ie said...

pa, you need not to.

Kristian said...

wala ngang bikol category sa palanca. kaya nga sinimulan na namin dito ang pagbibigay ng recognition sa aming mga manunulat. tama ka, nung isang taon sa palanca, defamiliarization din yung experince ko kahit na sa filipino fiction ako nanalo. parang naghahanap ako ng iba pa sa salitang katuturan. pinili kong makisama sa mga manunulat mula sa iloko, yun nga lamang natabihan kami ng isang ingleserong winner na parang siya lang ang may monopoliya ng dila.

ariel said...

Kristian:
You said it. This systemic rendering of us as legit writers (why do we need to write in Tagalog and English to prove anything?) as second-class citizens of the Philippine writing community is a clear semiotics of seductions of linguistic and cultural empire. Small or big, the empire is within (more sinister) and without (the global mantra).
Be well. We are not going to allow Bikol to survive alone but to thrive. This is where our redemption begins.

Kristian said...

sa akin naman, bentahe na yon na alam ko ang tagalog at ang inggles, wala akong galit sa anumang wika. maaaring sa sistema pero pasasaan ba't meron na rin namang mga erehe at filibustero sa atin. kaya mas nakikita ko sa ngayon ang pangangailangan sa pagbuo ng regional networks among literary writers, sinimulan na namin ito sa south with hiligaynon writers. tutulak kami papuntang hilaga.

ariel said...

Kristian:
I have never been for the sundering of our people. This divide et tempera tactic, in any front, ought to stop. I am for any language as well--knowing that language as Word is sacred and sanctified. The notion about 'against/versus/contra' is not `against' a people nor `against' a language but that bad politics behind a language that dominates and becomes an instrument of internal colonization of a country. What do you do when you have, by virtue of lopsided cultural and linguistic policies, an uneven development of the cultures and languages of a country that professes itself to be diverse, a.k.a. also known as multicultural? There we go.

Kristian said...

oo naniniwala ako sa ganung takbo na kailangan na ngang masugpo. ang laking hamon nito. sa december, merong conference for bikol studies, masaya ko na kahit papano nagkakaroon ng ganitong pagkilos. balitaan mo ko sir kung nasa pilipinas ka, gagawa ako ng paraan para magkakilala tayo ng personal.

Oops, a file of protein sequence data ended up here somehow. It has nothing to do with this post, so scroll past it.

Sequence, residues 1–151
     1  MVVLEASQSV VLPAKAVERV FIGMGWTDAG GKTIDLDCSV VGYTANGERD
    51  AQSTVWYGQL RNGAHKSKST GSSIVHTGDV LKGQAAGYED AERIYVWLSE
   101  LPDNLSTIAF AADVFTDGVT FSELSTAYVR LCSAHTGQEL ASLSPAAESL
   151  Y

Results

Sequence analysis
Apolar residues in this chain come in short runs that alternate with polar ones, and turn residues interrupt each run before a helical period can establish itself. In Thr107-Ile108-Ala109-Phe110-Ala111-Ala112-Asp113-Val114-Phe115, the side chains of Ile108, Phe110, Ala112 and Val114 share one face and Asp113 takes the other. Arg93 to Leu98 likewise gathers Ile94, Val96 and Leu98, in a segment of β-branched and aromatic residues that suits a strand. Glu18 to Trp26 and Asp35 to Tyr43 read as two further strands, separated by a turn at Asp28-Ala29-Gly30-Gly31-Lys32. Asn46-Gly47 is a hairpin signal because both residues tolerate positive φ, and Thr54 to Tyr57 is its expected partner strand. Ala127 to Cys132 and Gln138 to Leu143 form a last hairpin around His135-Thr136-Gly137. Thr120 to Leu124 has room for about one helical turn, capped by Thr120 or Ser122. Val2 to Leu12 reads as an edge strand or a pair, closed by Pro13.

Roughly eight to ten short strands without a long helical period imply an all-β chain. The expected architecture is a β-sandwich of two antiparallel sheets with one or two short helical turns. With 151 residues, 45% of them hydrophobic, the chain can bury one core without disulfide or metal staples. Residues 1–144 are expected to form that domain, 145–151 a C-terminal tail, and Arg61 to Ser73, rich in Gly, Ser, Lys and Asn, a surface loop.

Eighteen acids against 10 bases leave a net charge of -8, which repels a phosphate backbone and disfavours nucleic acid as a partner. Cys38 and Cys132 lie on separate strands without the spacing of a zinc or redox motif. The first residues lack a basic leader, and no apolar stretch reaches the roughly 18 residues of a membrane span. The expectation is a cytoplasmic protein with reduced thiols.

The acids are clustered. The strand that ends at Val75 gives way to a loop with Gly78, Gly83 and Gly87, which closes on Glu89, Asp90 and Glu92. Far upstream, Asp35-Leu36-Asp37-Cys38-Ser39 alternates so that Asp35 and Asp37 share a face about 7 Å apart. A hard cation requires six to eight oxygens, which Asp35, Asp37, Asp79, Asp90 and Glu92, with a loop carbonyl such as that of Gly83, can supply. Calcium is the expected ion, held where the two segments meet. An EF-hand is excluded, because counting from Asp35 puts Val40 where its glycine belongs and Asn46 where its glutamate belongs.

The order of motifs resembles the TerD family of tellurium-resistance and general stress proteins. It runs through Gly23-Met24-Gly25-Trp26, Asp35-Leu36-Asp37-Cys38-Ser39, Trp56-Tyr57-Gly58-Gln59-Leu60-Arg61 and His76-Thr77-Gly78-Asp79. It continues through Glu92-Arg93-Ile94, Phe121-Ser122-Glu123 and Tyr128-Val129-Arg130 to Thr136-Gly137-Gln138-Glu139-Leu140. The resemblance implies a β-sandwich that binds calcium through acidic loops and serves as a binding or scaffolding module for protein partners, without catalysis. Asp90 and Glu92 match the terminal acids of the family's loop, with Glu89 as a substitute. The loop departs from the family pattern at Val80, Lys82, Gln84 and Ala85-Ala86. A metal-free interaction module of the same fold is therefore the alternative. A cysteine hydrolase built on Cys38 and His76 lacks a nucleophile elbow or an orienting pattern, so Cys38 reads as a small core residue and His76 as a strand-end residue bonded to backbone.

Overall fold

ariel said...

Kristian:
That holding of Bikol studies conference ought to be institutionalized so that it will see the light of day till kingdom come.

We have to have guarantees that all these initiatives, energies, and inspirations to fight for what is linguistically just and culturally democratic and fair in a diverse country like the Philippines are not going to waste.

We have to have assurances that what we are doing is NOT some kind of a knee-jerk reaction to what's happening at this time but a clear commitment to the pursuit of fairness.

We have to go beyond the here-and-now even if we begin, rightfully, from the here-and-now. We need to transcend, look at things in a broader. We are not going to allow our minds to be shackled by a `monolingual' discourse, a `monolingual' world, a `monolingual' epistemology mediated by the 'strange' Tagalog language.

The there-and-then has to be put before us, has to serve as our end, has to make us afire so that we can go on with zest and zeal, vim and vigor.

We are a nation among nations: a country made up of many ethnolinguistic groups, 'nations' in the truest sense of that word.

The recognition of this diversity must continually remind us of our responsibility to each other, today and forevermore.

The cue and clue is this: TO EACH OTHER.

Not one group, not this Manila-centered discourse on what a nation is made of, not what some academics would like to ram into our throats, not what some Tagalog-twisted zealots would make us believe.

For we are a nation, true; but we are nations as well.

For we are not Tagalog; but we are Filipinos. These two things--realities--are not equal, not equivalent, not isOmorphic, not the same.

The recognition of our cultural and linguistic rights are due us--these rights are our basic human rights, this we must remind ourselves, this we must remind other people including those who have systematically `othered' us.

We have to learn to say, after more than 70 years: Enough is enough.

I wish you well in your upcoming Bikol studies conference.

Kristian said...

maraming salamat sa pahayag na ito. sadyang napakarami pang kailangang gawin. ano ang mailing address mo? papadalhan kita ng kopya ng dalawa kong aklat.

ariel said...

Kristian:
Post you email ad and I will write to you. In the meantime, you can read my novel in Filipino, the way I define this language, "Dangadang" (University of the Philippines Press, 2003). If this is not in the bookstore, it should be at the UP Press in Diliman.
Thanks for your books in advance.

I send you the anitos, the spirit of our peoples.

Kristian said...

here it is boronyog@yahoo.com. will get a copy of your book also.

ariel said...

Kristian:
Thanks, thanks. An Dios ay suripot sa gabos. Iyo, iyo, ipakipaglaban ta an demokrasia asin hustisia sa ngaran nin sakuyang banwa.

James said...

Congratulations! Another Palanca.

Just finished reading Genoveva Edroza-Matute's autobiographical novel. It was a welcome surprise that it had listed down the winners of the Centennial Literary Awards.

ariel said...

James:
thanks, thanks.
mahalo and aloha.